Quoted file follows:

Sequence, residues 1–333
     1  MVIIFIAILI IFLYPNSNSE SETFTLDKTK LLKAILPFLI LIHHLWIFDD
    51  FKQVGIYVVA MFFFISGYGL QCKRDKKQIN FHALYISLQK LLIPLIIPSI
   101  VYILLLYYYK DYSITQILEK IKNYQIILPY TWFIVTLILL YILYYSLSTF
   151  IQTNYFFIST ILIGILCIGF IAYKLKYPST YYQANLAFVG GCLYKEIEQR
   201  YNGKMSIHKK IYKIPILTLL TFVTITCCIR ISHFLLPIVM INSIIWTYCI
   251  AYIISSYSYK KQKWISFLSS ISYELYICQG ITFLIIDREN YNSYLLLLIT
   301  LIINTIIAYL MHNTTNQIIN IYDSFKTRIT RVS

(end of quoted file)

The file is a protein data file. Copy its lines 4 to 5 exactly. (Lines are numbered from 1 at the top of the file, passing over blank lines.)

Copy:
   101  VYILLLYYYK DYSITQILEK IKNYQIILPY TWFIVTLILL YILYYSLSTF
   151  IQTNYFFIST ILIGILCIGF IAYKLKYPST YYQANLAFVG GCLYKEIEQR